Do you feel the efforts in improving female representation in the industry are being improved?
It’s a complicated topic, it is, and it isn’t. The non-complicated part is yes, it’s only about 20% women on average worldwide in the industry. The complicated part is more about how we get companies to recognise that underrepresented people have value.
Lots of this has been addressed and some of it publicly, where we’ve seen lots about sexism and scandal, which has majorly shaking up the industry. Every one of these major incidents helps to expose those problems in that company and gets other companies in the industry to wake up and reflect, ask themselves hard and honest questions about what goes on in their company.
A lot of this frankly comes from leadership; if they’re unwilling to be aware of what the problems are in their own hands by not listening to what their employees are saying, then it’s the leadership who are accountable. I hear anecdotes from women every single day in the industry and it makes me angry because we’re not going to change human nature, but we can keep it accountable. There needs to be structures in place in companies so that if I get harassed and report it, somethings going to be done about it. There needs to be accountability structures so there’s a culture of calling out and whistleblowing.
I do think there’s a greater awareness, not just over the last couple of years but over the last couple of months with the black lives matter movement. It’s emphasised again not just about the lack of gender diversity but the lack of racial diversity and other under representation in the industry. A lot of companies posted their BLM statement about what they’re going to do to change things, which is great but again, a lot of us are sceptical because we’ve heard this before and unless there’s a change in behaviour and we’re shown there are accountability structures, it’s going to be hard to believe it.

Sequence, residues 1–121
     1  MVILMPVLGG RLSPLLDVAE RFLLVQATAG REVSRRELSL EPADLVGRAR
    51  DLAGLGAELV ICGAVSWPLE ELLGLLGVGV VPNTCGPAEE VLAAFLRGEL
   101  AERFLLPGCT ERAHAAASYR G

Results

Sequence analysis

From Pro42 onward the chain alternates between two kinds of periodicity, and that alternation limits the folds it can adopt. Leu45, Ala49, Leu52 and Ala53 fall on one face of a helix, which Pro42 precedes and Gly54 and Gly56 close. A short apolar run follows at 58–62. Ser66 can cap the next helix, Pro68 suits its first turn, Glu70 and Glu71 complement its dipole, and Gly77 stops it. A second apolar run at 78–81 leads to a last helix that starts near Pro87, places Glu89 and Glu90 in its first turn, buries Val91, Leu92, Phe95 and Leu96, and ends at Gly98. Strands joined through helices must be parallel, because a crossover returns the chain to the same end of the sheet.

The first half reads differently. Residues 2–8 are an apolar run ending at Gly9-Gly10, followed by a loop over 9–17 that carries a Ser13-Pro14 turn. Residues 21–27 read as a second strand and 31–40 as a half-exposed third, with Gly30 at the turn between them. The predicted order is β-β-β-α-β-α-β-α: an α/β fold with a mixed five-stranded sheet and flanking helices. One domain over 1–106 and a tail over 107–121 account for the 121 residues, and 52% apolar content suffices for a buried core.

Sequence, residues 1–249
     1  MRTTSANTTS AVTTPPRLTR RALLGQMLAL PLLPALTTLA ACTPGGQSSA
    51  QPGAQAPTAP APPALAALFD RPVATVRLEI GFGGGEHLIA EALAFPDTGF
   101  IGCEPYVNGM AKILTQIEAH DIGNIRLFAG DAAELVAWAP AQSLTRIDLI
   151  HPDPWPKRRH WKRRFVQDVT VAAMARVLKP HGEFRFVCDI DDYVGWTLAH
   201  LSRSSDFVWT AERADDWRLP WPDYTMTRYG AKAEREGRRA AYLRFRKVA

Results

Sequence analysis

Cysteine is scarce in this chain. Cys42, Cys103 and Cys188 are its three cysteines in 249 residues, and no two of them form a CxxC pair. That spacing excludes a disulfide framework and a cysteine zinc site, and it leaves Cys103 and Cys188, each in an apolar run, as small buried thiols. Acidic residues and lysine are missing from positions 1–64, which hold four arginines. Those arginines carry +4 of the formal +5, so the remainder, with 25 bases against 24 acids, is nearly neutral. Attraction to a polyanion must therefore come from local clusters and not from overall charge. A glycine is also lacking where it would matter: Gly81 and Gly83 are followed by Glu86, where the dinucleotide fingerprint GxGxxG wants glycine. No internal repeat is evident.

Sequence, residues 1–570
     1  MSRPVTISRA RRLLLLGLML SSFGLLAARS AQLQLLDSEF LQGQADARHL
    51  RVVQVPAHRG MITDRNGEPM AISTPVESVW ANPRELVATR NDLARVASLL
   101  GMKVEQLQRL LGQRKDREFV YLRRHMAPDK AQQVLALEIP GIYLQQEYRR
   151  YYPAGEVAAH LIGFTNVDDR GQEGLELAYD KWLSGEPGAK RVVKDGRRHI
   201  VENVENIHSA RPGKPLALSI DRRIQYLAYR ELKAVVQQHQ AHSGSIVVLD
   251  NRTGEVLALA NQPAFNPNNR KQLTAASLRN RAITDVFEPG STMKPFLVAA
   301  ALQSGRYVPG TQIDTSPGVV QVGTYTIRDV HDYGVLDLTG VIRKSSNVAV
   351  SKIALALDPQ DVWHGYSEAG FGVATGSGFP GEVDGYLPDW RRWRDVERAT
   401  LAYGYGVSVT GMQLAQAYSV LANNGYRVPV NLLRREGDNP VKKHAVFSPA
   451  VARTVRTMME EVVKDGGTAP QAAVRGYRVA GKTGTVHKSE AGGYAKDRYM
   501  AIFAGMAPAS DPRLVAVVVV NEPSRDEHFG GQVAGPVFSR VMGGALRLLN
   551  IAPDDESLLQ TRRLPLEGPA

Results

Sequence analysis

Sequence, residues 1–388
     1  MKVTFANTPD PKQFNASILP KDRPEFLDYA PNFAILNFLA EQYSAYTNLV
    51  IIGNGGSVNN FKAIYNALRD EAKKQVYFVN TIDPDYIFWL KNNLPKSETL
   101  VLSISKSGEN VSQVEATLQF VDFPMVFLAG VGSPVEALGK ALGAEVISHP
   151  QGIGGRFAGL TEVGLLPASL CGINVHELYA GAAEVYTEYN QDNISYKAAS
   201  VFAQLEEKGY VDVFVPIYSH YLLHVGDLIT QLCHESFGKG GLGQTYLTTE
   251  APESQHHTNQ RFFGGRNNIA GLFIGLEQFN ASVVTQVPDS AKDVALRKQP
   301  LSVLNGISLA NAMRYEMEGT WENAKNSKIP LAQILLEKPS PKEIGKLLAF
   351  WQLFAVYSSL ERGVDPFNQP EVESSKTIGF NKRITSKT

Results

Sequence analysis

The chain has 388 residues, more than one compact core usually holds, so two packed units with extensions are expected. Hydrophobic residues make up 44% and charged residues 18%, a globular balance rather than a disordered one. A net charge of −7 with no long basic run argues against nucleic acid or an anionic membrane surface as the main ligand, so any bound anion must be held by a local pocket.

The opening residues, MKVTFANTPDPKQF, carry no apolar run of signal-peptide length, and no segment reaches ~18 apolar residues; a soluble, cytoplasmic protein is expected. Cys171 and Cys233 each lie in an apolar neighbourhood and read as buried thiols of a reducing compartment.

All that being said, there’s a lot of great companies who’s culture has changed and even smaller to medium sized companies who left larger AAA companies specifically because they wanted to have a good work life balance or because they want to have better representation in their company across the board. The industry is becoming more open to its flaws and things are changing, but it’s slow and we still need to push it.
What’s your biggest piece of advice, no matter the individuals background?
Don’t let the lack of representation in the industry put you off joining. I’ve been in the industry for 27 years and there’s a reason why I’m vocal, it’s because I want other women especially young women who are considering gaming as a career, who see all the bad stuff online, to join gaming.
If you’re in that category where you like games and think you’d like to work in the industry, think about your skill set and what exactly you think you’d like to do. I’m a geographer who’s been in the industry a long time, if I can make up a job in this industry then anybody can. I know psychologists who do user experience design and user research. I know sociologists, historians, astrologers, etc. so whatever your academic degree or initial interest is in, there’s potentially a role for you. Ultimately, what we’re doing is building worlds and when you’re building worlds that requires a massive range of skills to do something like that.
Finally, and most importantly, think about what you’re good at and what you enjoy most. I’m in my mid 50’s and I can tell you that I’m doing what I absolutely love. It’s very rare you’ll find your dream job in this industry, like most career paths you must work towards a job that’s related to your strongest skill sets so you get into a company. Once you’re inside a company, it’s often much easier to transition laterally to a new job. So, if you want to develop your art skills you can go talk to that team because you’re an employee. You know you can find mentors that way too. Use LinkedIn and other networking tools before even getting into the industry and ask people if they’ll give you some time to ask questions. I run a lot of industry events and most people like sharing what they do so don’t be shy to ask.